What Baker perhaps did not account for is that, in 2017, many African Americans have drawn a line in the sand. Two lines, in fact. One is a visceral rejection of Republicans’ oppressive policy stances on the national and state levels; and two, African Americans have changed markedly in their understanding of politics in the dozen years since Baker’s last race.

Kriseman supporters are saying “it’s time out” for symbolic or shallow approaches to black community advancement, and “high time” for real economic progress, the kind that can only happen through policies that Baker has not yet espoused, but which his opponent Rick Kriseman has (e.g., workforce development, ex-offender re-entry & work programs, minority-targeted contracting, community wealth building).

Given “black St. Petersburg’s” voting history in mayoral elections, it’s probably appropriate for people on both sides to re-orient their perspectives.

Several white Dems have posted on my Facebook page how they “can’t believe any African American could vote for Baker,” to whom I’ve recited some of the history (Baker’s and African Americans’).

So for Democrats surprised by the reality that droves of African Americans voted for Baker last week, it’s a good time to bone up on our record of crossing the aisle in municipal cycles, and to re-evaluate “the case” to be made to court more black supporters for the November 7th election.

It wouldn’t hurt to study Baker’s ground-breaking work in South St. Pete (e.g., he led and supported nearly half a million square feet of construction and historic preservation in Midtown).

And for Republicans touting Baker’s win in the most heavily black-Democratic precincts, it may be wise to take a hard look at why Baker lost nearly half the black support he’d won twice before (see graph below depicting the big dip in Baker’s black precinct vote this go-round). It would be shrewd to study how times have changed in African Americans’ political calculus.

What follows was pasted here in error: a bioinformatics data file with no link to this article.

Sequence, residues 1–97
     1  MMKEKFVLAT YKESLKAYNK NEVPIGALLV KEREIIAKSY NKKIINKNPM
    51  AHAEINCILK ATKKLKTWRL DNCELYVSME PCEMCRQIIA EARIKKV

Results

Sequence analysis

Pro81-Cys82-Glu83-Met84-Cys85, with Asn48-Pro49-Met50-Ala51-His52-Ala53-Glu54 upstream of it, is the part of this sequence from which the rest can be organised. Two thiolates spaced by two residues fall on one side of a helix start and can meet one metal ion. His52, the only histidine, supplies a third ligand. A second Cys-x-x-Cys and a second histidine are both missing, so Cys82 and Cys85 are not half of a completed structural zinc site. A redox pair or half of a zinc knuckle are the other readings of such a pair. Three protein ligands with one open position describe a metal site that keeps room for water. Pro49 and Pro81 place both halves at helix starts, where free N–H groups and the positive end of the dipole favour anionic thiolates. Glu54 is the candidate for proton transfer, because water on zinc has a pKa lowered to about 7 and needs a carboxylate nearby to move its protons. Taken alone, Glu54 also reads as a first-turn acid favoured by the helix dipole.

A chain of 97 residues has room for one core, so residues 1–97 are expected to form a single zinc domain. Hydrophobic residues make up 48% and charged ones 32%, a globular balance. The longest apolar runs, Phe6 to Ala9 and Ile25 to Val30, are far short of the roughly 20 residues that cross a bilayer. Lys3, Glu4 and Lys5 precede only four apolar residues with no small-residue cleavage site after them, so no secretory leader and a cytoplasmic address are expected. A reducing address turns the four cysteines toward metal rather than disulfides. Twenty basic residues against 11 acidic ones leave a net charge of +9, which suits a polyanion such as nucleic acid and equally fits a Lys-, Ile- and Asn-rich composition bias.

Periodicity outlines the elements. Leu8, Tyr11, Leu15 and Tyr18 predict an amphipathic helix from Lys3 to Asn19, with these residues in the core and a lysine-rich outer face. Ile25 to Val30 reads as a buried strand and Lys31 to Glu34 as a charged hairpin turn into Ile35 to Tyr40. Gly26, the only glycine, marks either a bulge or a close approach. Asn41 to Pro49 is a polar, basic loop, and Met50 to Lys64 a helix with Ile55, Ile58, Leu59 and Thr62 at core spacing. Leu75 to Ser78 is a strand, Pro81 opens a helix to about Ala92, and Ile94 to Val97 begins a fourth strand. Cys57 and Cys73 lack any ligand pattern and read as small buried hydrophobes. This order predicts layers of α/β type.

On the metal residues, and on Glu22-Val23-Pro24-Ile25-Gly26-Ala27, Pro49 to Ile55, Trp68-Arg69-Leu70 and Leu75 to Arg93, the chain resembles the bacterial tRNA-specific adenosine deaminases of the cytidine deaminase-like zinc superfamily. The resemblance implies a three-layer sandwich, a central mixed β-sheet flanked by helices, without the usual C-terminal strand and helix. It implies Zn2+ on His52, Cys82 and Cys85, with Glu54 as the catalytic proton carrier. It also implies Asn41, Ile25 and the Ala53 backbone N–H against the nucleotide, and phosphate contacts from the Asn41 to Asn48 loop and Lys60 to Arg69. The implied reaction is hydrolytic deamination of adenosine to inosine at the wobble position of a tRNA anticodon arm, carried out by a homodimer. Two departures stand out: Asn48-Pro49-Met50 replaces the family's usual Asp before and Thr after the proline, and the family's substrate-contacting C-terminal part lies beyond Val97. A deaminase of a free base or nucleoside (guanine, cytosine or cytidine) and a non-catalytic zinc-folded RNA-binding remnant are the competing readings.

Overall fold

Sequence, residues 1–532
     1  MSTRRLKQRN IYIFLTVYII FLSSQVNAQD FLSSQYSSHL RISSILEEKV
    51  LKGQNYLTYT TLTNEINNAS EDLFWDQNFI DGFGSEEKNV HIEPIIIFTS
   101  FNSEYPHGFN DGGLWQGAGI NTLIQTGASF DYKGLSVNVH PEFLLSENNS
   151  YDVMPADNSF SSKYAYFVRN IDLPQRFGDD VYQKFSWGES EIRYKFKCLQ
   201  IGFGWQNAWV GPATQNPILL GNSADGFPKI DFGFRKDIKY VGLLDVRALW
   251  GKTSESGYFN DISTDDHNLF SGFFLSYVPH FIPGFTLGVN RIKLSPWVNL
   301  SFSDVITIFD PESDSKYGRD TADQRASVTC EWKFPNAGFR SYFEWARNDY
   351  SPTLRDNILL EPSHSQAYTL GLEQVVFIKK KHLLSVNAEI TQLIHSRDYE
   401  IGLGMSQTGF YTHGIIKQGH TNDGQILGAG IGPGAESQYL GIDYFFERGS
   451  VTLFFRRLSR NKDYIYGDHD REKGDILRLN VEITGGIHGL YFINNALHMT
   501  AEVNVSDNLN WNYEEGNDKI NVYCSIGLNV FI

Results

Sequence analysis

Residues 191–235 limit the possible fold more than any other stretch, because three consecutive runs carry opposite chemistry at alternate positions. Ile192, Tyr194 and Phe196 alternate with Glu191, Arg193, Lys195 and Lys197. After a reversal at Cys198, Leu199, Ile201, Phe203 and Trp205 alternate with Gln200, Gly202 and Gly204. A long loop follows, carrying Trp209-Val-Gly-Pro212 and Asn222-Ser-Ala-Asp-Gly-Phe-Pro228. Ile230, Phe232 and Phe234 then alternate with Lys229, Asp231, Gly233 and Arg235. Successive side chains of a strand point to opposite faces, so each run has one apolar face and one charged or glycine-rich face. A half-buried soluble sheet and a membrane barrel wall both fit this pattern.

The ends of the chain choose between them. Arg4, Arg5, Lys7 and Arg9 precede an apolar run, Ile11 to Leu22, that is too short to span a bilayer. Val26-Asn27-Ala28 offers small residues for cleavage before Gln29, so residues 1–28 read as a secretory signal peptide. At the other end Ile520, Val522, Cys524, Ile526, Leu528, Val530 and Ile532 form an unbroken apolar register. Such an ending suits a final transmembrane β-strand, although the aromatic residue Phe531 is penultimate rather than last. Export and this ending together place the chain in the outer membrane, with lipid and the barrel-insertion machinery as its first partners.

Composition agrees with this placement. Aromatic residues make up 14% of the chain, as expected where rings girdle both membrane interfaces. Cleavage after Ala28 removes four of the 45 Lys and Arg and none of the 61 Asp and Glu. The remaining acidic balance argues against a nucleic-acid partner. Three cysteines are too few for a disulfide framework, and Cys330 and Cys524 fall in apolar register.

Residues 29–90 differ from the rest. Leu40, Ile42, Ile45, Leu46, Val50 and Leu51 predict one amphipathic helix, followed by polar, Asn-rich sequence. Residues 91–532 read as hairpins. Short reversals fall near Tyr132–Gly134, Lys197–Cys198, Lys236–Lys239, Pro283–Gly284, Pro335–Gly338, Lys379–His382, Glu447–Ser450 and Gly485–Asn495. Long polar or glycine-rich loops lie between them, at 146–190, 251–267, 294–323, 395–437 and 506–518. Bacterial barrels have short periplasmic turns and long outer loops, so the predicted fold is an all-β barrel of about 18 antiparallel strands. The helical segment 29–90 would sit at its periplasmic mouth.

This is a “full circle” season for African Americans. On the topic of Kriseman’s primary win, his black supporters are echoing Dr. King’s words about President Johnson’s 1964 win, calling it a “great victory for the forces of progress and a defeat for the forces of retrogress.”

Though Baker is no Barry Goldwater (the rabidly anti-civil rights Republican Presidential nominee in 1964), he hasn’t denounced the “Goldwateresque” Donald Trump. And while his black backers insist that Baker is the one who can get things done, they haven’t yet said what things he will do.

I have the sense that the victor on November 7th, at least in the black vote, will be the one who speaks best to the great hunger in South St. Petersburg for real economic progress. That, plus the one who grinds harder to get-out-the-vote. Either way, history will be made.

*Figure 1 above, vote share in majority-black precincts for all Republican candidates (in 2017 primary, that includes Rick Baker, Paul Congemi and Anthony Cates)

**Figure 2, Rick Baker’s vote share in majority-black precincts